Certainly more research is warranted but this is important, because of all the money spent on foods that contain antioxidants, chocolate ranks third behind fruits and vegetables (4). The key is that most money is spent on milk chocolate, which does not contain as many polyphenols but has more sugar and saturated fat. Education will be a key component of getting people to switch to the right type of chocolate.

Which types of chocolate are those? In a recently published paper, researchers examined the antioxidant, polyphenol, and procyanidin content of various forms of chocolate (5). Natural cocoa powder, baking chocolate, and dark chocolate ranked best in terms of highest levels of antioxidant activity, total polyphenols, and procyanidins, another type of phytonutrient.

Since the holiday season is fast approaching, and the cold weather to go with it, looks like it’s time for home-made hot chocolate made with cocoa powder!

What This Means for You
With each media announcement of studies on the potential benefits of dark chocolate, health experts express their concern because even dark chocolate contains fat and sugar. As mentioned earlier, education must be part of the process so we make the right choices. And there’s still much more research to go. For example, most studies use 100 grams (3.3 ounces) of dark chocolate. We don’t know if 50 or even 25 grams would get the same positive effect, a smaller effect, or no effect at all. We also don’t know how often you should eat chocolate to get the positive effects: every day, three times a week--who knows?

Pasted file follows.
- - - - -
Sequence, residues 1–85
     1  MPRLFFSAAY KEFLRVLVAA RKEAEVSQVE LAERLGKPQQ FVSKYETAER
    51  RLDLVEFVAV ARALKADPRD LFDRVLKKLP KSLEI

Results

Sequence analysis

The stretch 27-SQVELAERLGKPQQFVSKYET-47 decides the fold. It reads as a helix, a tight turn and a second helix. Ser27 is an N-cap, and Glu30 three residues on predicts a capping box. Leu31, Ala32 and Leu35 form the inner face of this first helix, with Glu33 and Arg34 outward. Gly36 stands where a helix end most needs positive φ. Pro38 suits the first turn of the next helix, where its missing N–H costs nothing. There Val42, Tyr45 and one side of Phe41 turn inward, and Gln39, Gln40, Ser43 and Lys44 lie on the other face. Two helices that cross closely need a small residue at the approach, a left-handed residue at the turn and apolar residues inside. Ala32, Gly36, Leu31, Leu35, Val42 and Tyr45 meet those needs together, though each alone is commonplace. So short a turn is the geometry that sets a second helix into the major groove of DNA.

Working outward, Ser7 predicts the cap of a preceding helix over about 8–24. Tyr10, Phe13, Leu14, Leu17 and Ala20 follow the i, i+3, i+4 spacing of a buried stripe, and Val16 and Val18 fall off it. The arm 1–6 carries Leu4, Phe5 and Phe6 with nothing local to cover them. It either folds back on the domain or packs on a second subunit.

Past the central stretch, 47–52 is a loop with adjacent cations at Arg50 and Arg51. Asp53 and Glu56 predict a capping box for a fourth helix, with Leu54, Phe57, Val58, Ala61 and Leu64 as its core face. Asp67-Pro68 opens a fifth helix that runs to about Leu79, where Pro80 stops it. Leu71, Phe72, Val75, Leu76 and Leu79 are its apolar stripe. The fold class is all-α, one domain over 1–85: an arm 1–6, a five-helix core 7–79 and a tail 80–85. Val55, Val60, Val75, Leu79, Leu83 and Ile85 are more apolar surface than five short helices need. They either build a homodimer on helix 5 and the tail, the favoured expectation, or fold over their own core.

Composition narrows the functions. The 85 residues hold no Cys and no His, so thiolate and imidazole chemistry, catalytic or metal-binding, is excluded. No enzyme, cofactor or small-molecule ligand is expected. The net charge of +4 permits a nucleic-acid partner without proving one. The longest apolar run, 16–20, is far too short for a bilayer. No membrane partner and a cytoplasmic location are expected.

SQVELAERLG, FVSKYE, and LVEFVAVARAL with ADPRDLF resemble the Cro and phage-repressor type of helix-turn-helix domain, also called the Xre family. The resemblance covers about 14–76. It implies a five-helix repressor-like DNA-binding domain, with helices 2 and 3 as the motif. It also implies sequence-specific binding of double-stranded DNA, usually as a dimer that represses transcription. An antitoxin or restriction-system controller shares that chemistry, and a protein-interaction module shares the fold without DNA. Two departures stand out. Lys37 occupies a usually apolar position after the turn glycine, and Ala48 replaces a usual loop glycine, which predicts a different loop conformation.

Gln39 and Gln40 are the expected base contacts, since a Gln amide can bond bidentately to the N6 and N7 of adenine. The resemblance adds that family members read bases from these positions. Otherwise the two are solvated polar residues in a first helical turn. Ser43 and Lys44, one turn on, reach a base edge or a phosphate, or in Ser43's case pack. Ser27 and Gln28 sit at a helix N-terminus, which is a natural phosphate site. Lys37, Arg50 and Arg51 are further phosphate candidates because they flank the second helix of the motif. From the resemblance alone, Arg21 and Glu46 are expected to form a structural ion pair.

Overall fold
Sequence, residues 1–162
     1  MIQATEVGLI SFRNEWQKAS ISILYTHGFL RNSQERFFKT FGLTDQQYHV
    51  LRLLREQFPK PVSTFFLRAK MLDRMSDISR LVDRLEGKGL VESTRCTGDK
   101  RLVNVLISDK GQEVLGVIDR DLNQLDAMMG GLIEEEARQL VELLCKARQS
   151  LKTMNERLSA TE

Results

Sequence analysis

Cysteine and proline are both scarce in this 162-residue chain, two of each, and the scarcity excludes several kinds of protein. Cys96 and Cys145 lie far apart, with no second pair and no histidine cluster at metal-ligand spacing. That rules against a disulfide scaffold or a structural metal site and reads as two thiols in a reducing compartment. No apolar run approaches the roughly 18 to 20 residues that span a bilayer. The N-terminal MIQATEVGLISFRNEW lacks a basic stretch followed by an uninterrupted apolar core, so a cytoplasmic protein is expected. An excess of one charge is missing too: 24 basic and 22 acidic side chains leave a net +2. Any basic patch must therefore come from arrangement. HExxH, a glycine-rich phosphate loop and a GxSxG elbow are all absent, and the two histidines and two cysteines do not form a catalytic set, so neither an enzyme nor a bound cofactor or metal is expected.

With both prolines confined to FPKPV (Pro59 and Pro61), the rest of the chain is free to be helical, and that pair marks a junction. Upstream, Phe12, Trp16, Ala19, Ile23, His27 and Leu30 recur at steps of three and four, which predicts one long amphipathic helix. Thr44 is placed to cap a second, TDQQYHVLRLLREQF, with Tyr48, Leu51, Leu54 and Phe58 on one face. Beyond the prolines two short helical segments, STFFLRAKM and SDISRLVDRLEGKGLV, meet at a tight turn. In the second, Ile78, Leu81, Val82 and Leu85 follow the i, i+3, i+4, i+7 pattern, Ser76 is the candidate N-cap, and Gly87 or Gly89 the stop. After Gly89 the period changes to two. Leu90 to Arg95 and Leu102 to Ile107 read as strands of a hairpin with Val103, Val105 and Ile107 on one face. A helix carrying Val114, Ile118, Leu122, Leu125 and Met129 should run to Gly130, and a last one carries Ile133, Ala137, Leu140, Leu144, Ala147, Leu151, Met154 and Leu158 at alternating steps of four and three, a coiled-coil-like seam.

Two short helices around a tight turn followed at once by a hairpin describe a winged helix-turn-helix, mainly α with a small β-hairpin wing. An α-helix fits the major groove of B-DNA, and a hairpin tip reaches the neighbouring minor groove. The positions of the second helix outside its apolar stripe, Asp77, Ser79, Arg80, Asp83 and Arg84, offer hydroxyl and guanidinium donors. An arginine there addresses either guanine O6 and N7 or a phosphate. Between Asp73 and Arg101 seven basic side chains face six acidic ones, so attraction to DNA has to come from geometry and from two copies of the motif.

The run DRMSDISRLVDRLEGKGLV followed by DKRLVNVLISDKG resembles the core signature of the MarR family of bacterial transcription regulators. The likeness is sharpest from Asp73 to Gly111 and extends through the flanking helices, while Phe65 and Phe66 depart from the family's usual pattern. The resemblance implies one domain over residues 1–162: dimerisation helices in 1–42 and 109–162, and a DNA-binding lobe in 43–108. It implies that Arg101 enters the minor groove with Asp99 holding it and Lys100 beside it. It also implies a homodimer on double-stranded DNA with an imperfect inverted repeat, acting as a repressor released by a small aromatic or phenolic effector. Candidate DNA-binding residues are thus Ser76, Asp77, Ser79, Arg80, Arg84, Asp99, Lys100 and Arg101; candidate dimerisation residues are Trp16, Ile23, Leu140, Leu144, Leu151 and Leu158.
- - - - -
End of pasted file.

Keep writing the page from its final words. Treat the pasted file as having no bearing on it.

What should you do? Other than making hot chocolate with cocoa powder, it seems reasonable to eat one ounce of dark chocolate per day. There are two qualifications. First, you must cut out about 150 calories from carbohydrates and fat elsewhere in your diet. The other is that you have to like chocolate. I know chocoholics are saying, “Duh!” but I know that some people will try anything they think will help their health, whether they enjoy it or not. There are many other foods that can lower the risk of heart disease, so try one of those if you don’t like chocolate. But if you love chocolate, an ounce a day together with that apple might just keep the doctor away.

References:
  1. Grassi, D. et al. Cocoa reduces blood pressure and insulin resistance and improves endothelium-dependent vasodilation in hypertensives. Hypertension. 2005;46(2):398-405.

  2. Polagruto, JA et al. Cocoa flavanol-enriched snack bars containing phytosterols effectively lower total and low-density lipoprotein cholesterol levels. J Am Diet Assoc. 2006;106(11):1804-1813.

  3. Vlachopoulos C, et al. Effect of dark chocolate on arterial function in healthy individuals. Am J Hypertens. 2005;18(6):785-91.

  4. Vinson, JA et al. Chocolate is a powerful ex vivo and in vivo antioxidant, an antiatherosclerotic agent in an animal model, and a significant contributor to antioxidants in the European and American diets. J Agric Food Chem. 2006; 54(21):8071-6.

  5. Miller, KB et al. Antioxidant activity and polyphenol and procyanidin contents of selected commercially available cocoa-containing and chocolate products in the United States. J Agric Food Chem. 2006;54(11):4062-8.